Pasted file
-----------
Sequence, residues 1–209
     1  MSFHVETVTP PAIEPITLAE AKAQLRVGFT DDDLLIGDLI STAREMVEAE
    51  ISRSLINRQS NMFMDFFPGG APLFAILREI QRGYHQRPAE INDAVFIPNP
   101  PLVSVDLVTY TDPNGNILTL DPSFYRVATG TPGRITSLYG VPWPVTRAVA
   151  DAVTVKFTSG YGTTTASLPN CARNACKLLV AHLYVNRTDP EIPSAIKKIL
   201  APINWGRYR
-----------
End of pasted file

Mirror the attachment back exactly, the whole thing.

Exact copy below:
Sequence, residues 1–209
     1  MSFHVETVTP PAIEPITLAE AKAQLRVGFT DDDLLIGDLI STAREMVEAE
    51  ISRSLINRQS NMFMDFFPGG APLFAILREI QRGYHQRPAE INDAVFIPNP
   101  PLVSVDLVTY TDPNGNILTL DPSFYRVATG TPGRITSLYG VPWPVTRAVA
   151  DAVTVKFTSG YGTTTASLPN CARNACKLLV AHLYVNRTDP EIPSAIKKIL
   201  APINWGRYR